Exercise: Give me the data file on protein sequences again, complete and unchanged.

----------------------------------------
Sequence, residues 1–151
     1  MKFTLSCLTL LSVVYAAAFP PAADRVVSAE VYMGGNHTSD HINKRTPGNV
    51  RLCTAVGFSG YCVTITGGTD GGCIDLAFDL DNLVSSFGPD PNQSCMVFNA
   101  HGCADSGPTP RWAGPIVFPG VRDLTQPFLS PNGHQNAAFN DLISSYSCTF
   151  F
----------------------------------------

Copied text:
Sequence, residues 1–151
     1  MKFTLSCLTL LSVVYAAAFP PAADRVVSAE VYMGGNHTSD HINKRTPGNV
    51  RLCTAVGFSG YCVTITGGTD GGCIDLAFDL DNLVSSFGPD PNQSCMVFNA
   101  HGCADSGPTP RWAGPIVFPG VRDLTQPFLS PNGHQNAAFN DLISSYSCTF
   151  F